Safety in Cambodia:

Safety isn’t a major concern in Cambodia, however, phone and bag snatchings are increasingly common, particularly in Phnom Penh. Wear a backpack with both straps on, keep your phone hidden when you’re walking on the street, and just be generally aware of what’s going on around you.

2. Myanmar for solo sunsets, getting off the beaten path, and meeting new friends

Myanmar was my first big solo trip, which could be why it ranks so high in my books. The country is a happy medium of being more removed from the well-worn Banana Pancake Trail but still visited enough that you can easily meet a lot of new friends, particularly a number of other solo travellers. People tend to travel around Myanmar in a loop. This means you’ll often meet people who are travelling the same direction as you, allowing you to have your independence with some familiarity along the way. Myanmar has some pretty incredible temples and off-the-beaten-path adventures to experience either solo or with new travel friends. 

Myanmar Bagan

What to do in Myanmar:

Head to the most famous place in Myanmar, Bagan, where you can rent out an e-bike (solo or with a group from your hostel) to explore over 2,000 temples and pagodas. You can also hop in some shared transport to visit the nearby Mount Popa, a monastery perched on top of an extinct volcano with 777 stairs to climb and maybe even more monkeys to get past. From Bagan you can head to Hsipaw or Kalaw that act as starting points for multi-day treks to see Myanmar’s countryside and rest your head in homestays along the way. Treks are also a great way to meet new travel friends. And if you’re craving a bit of reflective solo time? You can visit places like the enchanting Shwedagon Pagoda in Yangon or Mandalay’s U Bein Bridge where flocks of people congregate every sunrise and sunset. Both are magical places to explore solo, although you’re likely to get invited to join a local family for a snack at both.

Safety in Myanmar:

Personal safety isn’t an issue in Myanmar. However, do inform yourself on what’s going on in the country. There are grave human rights atrocities happening in Myanmar currently. Do your research to educate yourself on the ethics of travelling to Myanmar and make an informed decision for yourself on whether or not to visit. This article from BBC provides a good basis for assessing if your trip passes the human rights test.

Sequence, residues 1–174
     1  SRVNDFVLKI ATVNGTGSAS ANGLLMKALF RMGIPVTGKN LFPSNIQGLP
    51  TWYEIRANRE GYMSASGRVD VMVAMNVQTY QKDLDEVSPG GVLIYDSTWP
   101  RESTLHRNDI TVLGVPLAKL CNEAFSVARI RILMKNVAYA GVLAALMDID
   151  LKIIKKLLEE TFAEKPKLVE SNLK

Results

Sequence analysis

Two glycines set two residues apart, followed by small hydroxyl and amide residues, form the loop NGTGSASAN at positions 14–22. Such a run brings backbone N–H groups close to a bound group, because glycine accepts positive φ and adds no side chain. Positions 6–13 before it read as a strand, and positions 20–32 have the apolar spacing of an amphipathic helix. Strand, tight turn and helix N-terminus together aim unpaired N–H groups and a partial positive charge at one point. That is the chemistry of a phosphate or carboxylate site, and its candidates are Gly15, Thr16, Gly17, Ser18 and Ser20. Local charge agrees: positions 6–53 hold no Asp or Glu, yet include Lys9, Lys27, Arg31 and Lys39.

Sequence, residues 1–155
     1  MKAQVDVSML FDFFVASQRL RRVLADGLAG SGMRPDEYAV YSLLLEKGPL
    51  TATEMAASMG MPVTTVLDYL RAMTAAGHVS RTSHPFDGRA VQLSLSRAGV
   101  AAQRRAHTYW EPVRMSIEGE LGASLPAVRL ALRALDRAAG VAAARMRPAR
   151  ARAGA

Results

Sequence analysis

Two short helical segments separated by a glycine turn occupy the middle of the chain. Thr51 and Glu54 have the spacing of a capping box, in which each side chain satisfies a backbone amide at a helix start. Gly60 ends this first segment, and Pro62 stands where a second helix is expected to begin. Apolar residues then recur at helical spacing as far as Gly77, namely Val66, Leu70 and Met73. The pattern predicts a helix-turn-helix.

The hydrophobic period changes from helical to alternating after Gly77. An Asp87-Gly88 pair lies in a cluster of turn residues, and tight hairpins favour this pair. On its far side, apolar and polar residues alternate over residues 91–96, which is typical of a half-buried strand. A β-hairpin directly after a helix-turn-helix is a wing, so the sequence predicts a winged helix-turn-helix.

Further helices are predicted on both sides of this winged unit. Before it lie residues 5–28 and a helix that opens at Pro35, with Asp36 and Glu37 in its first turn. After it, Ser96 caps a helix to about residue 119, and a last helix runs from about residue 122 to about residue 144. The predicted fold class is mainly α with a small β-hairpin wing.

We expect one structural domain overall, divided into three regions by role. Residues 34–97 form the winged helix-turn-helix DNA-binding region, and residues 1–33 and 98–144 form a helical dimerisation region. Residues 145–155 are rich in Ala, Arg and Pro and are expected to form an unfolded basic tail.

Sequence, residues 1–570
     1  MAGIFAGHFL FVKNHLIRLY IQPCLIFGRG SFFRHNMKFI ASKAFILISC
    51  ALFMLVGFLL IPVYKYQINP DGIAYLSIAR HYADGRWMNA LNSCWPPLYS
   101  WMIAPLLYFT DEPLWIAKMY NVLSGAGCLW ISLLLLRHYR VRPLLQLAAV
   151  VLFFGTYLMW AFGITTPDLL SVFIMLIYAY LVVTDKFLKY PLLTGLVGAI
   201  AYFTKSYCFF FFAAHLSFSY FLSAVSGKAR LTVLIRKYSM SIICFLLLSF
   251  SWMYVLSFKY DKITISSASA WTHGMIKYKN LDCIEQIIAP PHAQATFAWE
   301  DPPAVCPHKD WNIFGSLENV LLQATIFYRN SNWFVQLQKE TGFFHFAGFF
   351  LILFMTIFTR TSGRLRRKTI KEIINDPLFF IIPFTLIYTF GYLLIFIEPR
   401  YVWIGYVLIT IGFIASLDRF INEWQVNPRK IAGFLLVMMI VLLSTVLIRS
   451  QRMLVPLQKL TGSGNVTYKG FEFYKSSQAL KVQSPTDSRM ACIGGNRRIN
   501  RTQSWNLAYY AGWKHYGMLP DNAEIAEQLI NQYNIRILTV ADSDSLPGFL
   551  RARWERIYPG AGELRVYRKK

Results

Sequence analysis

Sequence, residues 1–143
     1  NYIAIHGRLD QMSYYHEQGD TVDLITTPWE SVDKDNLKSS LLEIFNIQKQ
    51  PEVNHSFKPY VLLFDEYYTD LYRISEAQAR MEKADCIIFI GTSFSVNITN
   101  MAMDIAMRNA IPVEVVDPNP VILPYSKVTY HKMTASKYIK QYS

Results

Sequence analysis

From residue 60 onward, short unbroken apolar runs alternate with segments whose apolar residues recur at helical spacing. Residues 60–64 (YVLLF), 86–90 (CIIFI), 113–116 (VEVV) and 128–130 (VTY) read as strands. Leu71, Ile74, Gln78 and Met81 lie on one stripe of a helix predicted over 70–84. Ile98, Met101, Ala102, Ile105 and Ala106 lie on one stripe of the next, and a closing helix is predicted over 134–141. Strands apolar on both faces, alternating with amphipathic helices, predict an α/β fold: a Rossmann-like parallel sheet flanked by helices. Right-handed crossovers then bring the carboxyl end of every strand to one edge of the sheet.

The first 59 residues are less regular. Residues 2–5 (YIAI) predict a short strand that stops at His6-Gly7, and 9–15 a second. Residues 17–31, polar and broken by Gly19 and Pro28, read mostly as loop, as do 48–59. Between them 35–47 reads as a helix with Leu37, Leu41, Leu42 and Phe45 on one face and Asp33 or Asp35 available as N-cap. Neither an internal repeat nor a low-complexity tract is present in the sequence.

3. Colombia for mesmerizing cities, nightlife, and nature

Colombia might not be one you expected to see on this list, but once again the people make this place wonderful for solo travel. I unfortunately don’t speak a lick of Spanish, which made travelling solo in Colombia a bit harder than travelling in Myanmar or Cambodia where English is more frequently spoken. However, the people were so lovely and it’s a relatively easy country to navigate even with limited knowledge of Spanish. It also boasts the most incredible cities I’ve ever been to and one of my favourite treks.

Cartagena Colombia Buildings

What to do in Colombia:

Colombia has something for every solo traveller. Bogota’s amazing street art scene, cafes and cobblestone streets are captivating and the perfect place for a solo traveller to wander around. Heading up north, stop at Salento in the Cocora Valley to see the country’s famous national tree the Quindío wax palm, then head up to cool Medellin. Take Medellin’s incredible free walking tour, head up the city’s gondola, and enjoy the nightlife. Then visit and wander the bright streets of storybook Cartagena. Finally, get your nature fix in Tayrona National Park on the beaches or test your endurance on the Lost City Trek. The gruelling 4-6 day jungle trek is sure to help you bond with the other travellers in your group – even if it is about just how badly your clothes smell by the end.